Using Gromacs for the Alanine Dipeptide example

This is the same as the introductory example using flexible length TPS, except that it uses Gromacs as the MD engine instead of OpenMM.


This is exactly the same as the OpenMM-based alanine dipeptide example, but this one uses Gromacs!


In [1]:
from __future__ import print_function
%matplotlib inline
import matplotlib.pyplot as plt
import openpathsampling as paths

from openpathsampling.engines import gromacs as ops_gmx

import mdtraj as md
import numpy as np

Setting up the engine

Now we set things up for the Gromacs simulation. Note that all the details are in the mdp file, just as always with Gromacs. Currently, we need to define a few options that reproduce some of the mdp file; in the future, that information may be read from the mdp.

In [2]:
# remove files created by previous run of this notebook
rm -rf hi_T*
rm -rf equil_*
rm -rf \#*
rm -rf initial_*.trr
In [3]:
options = {
    'gmx_executable': 'gmx -nobackup ',   # run gmx how you like it!
    'snapshot_timestep': 0.02,
    'n_frames_max': 10000,

We set several entries in the options dictionary. Like all OPS engines, the options dictionary for Gromacs includes some important ones that you are likely to set:

  • 'snapshot_timestep': Time between output frames in the TRR. Defaults to 1 (setting unit of time to "frames"), but you probably want to set this to dt * nstxout. Setting this is optional, but can assist in several analysis routines.
  • 'n_frames_max': Maximum number of frames. This must be less than the corresponding nsteps entry in your Gromacs mdp file, otherwise Gromacs might end the trajectory before OPS tells it to, and this will leave OPS hanging. Don't forget that the mdp's nsteps is in units of the inner timestep, whereas OPS's n_frames_max is in unit of saved frames. So n_frames_max should be less than nsteps / nstxout. (Usually, you set the max number of frames in OPS first, and make sure your nsteps corresponds.)

There are also several options specific to Gromacs:

  • 'gmx_executable': This is the Gromacs command exactly as you need to call it. This allows you to, for example, use Gromacs in some specific path, or to use gmx_mpi instead of gmx. Note that, for modern Gromacs, this command should end in a space -- the subcommands grompp and mdrun do not automatically include a space.
  • 'grompp_args': A string with additional arguments for grompp.
  • 'mdrun_args': A string with additional arguments for mdrun.

Finally, there are a few restrictions on your mdp file that you should be careful about:

  • nsteps: See discussion of 'n_frames_max' above.
  • nstxout, nstvout, nstenergy: All of these should be equal to each other.
  • integrator: Path sampling should always use a reversible integrator; leapfrog-style integrators may be unstable.
In [4]:
hi_T_engine = ops_gmx.Engine(gro="conf.gro",

There are several arguments for the engine as well. In addition to the options dictionary above, you'll need the gro argument (used for grompp's -c; can be a gro, pdb, etc.), the mdp, and the top. There are two other arguments as well: base_dir sets the working directory for where to find the input files and place the output files, and prefix sets a prefix for the subdirectories where the output files goes (trr, edr, and log).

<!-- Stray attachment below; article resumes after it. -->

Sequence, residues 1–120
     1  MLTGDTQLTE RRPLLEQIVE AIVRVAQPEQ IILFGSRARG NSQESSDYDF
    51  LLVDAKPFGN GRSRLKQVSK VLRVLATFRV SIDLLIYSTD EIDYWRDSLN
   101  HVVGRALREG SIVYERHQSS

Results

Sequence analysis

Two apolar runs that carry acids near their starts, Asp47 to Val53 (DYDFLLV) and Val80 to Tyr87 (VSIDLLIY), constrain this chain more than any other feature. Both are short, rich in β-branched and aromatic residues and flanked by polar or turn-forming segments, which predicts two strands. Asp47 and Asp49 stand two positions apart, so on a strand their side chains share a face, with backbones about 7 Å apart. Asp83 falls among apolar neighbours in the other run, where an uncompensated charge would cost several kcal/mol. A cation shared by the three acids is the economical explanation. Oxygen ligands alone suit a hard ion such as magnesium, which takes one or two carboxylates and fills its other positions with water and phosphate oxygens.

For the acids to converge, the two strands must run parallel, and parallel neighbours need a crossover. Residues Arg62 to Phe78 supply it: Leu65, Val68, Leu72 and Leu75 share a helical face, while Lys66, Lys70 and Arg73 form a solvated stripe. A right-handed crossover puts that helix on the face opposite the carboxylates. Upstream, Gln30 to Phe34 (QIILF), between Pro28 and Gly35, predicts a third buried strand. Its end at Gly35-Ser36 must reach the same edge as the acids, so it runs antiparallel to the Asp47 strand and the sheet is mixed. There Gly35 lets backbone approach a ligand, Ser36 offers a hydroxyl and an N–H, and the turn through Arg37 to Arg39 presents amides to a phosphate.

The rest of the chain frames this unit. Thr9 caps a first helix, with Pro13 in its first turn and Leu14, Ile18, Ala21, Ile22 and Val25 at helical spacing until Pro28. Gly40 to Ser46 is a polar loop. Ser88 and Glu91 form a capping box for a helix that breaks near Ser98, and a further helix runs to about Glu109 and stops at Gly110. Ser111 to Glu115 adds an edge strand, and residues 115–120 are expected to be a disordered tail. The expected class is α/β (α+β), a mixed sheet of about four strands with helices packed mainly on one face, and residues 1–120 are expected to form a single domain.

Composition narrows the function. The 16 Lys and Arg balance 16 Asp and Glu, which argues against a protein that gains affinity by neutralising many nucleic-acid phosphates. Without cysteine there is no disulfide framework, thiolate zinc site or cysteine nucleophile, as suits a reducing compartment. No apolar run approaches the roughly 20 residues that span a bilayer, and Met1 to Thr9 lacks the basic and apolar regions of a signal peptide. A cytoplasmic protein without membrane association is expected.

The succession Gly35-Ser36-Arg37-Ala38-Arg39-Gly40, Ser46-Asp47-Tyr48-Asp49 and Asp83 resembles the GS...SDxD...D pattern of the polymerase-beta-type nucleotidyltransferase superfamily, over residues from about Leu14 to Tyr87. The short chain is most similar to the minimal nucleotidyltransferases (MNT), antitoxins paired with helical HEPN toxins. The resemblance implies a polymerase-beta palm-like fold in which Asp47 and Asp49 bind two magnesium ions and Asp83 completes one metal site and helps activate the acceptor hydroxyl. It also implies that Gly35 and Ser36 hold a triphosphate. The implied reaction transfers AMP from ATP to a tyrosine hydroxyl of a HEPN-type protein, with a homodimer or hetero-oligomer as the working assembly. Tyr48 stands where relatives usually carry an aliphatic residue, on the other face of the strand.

Internally, the OPS Gromacs engine will fork off a Gromacs process, just as you would on the command line. You can see the exact commands that it will use (now with a few placeholder arguments for input/output filenames, but once the engine is running, this will show the exact command being used):

In [5]:
gmx -nobackup grompp -c ./conf.gro -f ./hi_temp.mdp -p ./ -t INITIAL.trr 
gmx -nobackup mdrun -s topol.tpr -o ./hi_T_trr/OUTPUT_NAME.trr -e ./hi_T_edr/OUTPUT_NAME.edr -g ./hi_T_log/OUTPUT_NAME.log 

The storage file will need a template snapshot.

In [6]:
template = hi_T_engine.current_snapshot
In [7]:
<openpathsampling.engines.openmm.topology.MDTrajTopology at 0x112cf4438>

Defining states

First we define the CVs using the md.compute_dihedrals function. Then we define our states using PeriodicCVDefinedVolume (since our CVs are periodic.)

In [8]:
# define the CVs
psi = paths.MDTrajFunctionCV("psi", md.compute_dihedrals, template.topology, indices=[[6,8,14,16]])
phi = paths.MDTrajFunctionCV("phi", md.compute_dihedrals, template.topology, indices=[[4,6,8,14]])
In [9]:
# define the states
deg = 180.0/np.pi
C_7eq = (paths.PeriodicCVDefinedVolume(phi, lambda_min=-180/deg, lambda_max=0/deg, 
                                     period_min=-np.pi, period_max=np.pi) &
         paths.PeriodicCVDefinedVolume(psi, lambda_min=100/deg, lambda_max=200/deg,
                                     period_min=-np.pi, period_max=np.pi)
# similarly, without bothering with the labels:
alpha_R = (paths.PeriodicCVDefinedVolume(phi, -180/deg, 0/deg, -np.pi, np.pi) &
           paths.PeriodicCVDefinedVolume(psi, -100/deg, 0/deg, -np.pi, np.pi)).named("alpha_R")

Getting a first trajectory

Here we'll use the VisitAllStatesEnsemble to create a trajectory that has visited all states, using the high temperature engine. This approach is reasonable for 2-state TPS and multiple state TIS simulations. VisitAllStatesEnsemble is more than is needed for multiple state TPS, and isn't guaranteed to provide all the needed initial conditions for multiple interface set TIS.

The underlying theory of the VisitAllStatesEnsemble is described in the OpenMM alanine dipeptide TPS example.

In [10]:
visit_all = paths.VisitAllStatesEnsemble(states=[C_7eq, alpha_R], timestep=0.02)